The Oregon Department of Commerce and Business services has released its annual workers’ compensation premium study. The department finds Washington now has the nation’s 15th highest workers’ compensation premiums.
In commenting on the new data, the Washington Research Council points out that the Oregon study, while no doubt useful to that state’s policymakers, should not be relied upon for interstate comparisons.
We do not consider the Oregon study to be a good reflection of the costs of Washington’s workers’ compensation system, as we explain in this report (see pages 1–3). The short version is that the study is tailored to Oregon’s industry mix, it doesn’t include the costs of self-insured employers, and Washington’s rates have to be converted from an hourly to a payroll measure.
So why pay any attention to it? To answer that, we follow the WRC lead in citing comments by the Washington Self-Insurers Association:
Oregon’s rate study is closely followed by the national workers’ comp industry, since for most states it is an accurate picture of where pure premium rates rank. Washington, a special snowflake in the workers’ comp world, is alone in charging premium by the hour rather than by payroll, and uses unique, rather than standard, industry classifications. A lot of assumptions and conversions have to be made to translate Washington’s system into something that can be compared countrywide. Further, as one of the four monopoly states, Washington has a very substantial self-insured community, covering about a third of the workforce, whose claim costs are not accounted for in the study.
Back — way back — in the day, in the late 90s and early years of this millennium, Washington used to rank alongside Oregon in the high thirties out of fifty states for highest premiums, prompting the improbable rallying cry at the Department of Labor & Industries of that era, that the secret sauce of Washington’s monopoly made us a “high benefits, low cost” state for workers’ comp.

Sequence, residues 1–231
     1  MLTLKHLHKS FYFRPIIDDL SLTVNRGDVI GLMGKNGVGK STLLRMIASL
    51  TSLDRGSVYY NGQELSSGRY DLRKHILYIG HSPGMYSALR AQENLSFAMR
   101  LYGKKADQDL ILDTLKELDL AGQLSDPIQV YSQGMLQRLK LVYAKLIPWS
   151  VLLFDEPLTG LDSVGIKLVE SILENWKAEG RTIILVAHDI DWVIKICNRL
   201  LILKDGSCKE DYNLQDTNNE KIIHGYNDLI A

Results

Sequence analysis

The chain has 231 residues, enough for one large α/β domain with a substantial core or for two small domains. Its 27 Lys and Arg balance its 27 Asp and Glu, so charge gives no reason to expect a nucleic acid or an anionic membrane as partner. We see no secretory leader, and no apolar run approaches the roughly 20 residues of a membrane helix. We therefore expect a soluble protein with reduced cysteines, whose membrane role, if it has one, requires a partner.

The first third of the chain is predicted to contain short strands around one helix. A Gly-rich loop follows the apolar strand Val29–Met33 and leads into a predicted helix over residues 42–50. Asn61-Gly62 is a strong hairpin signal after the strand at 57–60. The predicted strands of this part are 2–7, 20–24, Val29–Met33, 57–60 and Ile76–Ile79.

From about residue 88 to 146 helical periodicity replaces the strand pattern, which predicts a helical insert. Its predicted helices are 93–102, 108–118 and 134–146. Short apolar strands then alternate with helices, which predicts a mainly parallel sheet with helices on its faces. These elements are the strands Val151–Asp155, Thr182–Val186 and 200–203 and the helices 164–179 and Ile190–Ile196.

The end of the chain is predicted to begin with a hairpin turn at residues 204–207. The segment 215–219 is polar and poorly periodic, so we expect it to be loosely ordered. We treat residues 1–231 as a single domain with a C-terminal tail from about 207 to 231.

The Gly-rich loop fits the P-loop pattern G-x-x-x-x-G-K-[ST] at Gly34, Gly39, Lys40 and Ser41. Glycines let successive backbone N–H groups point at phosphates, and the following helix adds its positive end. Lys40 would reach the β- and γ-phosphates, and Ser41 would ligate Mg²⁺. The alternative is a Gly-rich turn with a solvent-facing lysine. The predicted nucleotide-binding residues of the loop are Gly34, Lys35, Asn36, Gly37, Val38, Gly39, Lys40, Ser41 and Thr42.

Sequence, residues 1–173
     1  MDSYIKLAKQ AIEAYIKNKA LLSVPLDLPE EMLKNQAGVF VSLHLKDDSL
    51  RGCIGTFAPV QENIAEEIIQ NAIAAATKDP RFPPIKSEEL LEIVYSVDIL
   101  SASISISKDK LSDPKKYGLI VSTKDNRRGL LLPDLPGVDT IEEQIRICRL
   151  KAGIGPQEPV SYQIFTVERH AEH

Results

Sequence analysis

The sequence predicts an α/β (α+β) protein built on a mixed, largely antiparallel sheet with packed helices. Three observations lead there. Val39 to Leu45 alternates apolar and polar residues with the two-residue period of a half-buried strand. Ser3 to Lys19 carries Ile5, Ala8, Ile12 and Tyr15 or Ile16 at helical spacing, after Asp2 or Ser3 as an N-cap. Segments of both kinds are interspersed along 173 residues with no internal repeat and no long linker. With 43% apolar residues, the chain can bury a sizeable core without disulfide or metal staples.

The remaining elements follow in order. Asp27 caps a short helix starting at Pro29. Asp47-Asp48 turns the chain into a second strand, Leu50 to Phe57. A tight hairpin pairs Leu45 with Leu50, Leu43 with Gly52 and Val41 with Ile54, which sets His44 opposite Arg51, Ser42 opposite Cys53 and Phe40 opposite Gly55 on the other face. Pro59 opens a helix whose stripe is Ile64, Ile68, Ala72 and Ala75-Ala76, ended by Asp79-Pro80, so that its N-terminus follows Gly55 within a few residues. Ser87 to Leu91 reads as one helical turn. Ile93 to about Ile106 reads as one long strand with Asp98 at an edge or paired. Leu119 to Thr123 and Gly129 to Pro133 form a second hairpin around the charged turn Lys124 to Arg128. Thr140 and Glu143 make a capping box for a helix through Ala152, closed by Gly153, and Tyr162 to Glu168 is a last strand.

Even today you hear vestiges of that mantra echo in labor union leaflets and legislative committee debates, although no employer who has ever paid premiums or underwritten claims costs in Washington has ever thought it was a low cost state.
One reason employers doubt that Washington is a low cost state is, simply, that it is not. We prefer to compare states on a cleaner metric: benefit costs. And by that measure, as we reported earlier this month, Washington has the highest benefit costs in the nation.
In our foundation report, we discussed the high costs and recommended reforms.
…the state has consistently had the highest workers’ compensation benefit costs in the country…
In 2011, the Legislature allowed workers who are at least 55 years old (dropping to 50 in 2016) to voluntarily settle their claims with structured settlements. Opportunities to build on this reform might include expanding the use of voluntary settlements to workers of any age. Voluntary settlements bring closure for workers and reduce long-duration time-loss claims.
Clarifying the definition of what constitutes an occupational disease (a condition warranting workers’ compensation) would also help control costs. Over 1997-2009, “occupational disease claims have been a rising proportion of all compensable claims in Washington while their proportion has fallen in both Oregon and British Columbia.”
In Washington, the definition of occupational disease is very broad. The lack of clarity means diseases may be covered that are not directly caused by workplace exposure, but are instead ordinary diseases of life. Other states (e.g. Virginia) exclude common illnesses and specify when a disease arises out of employment.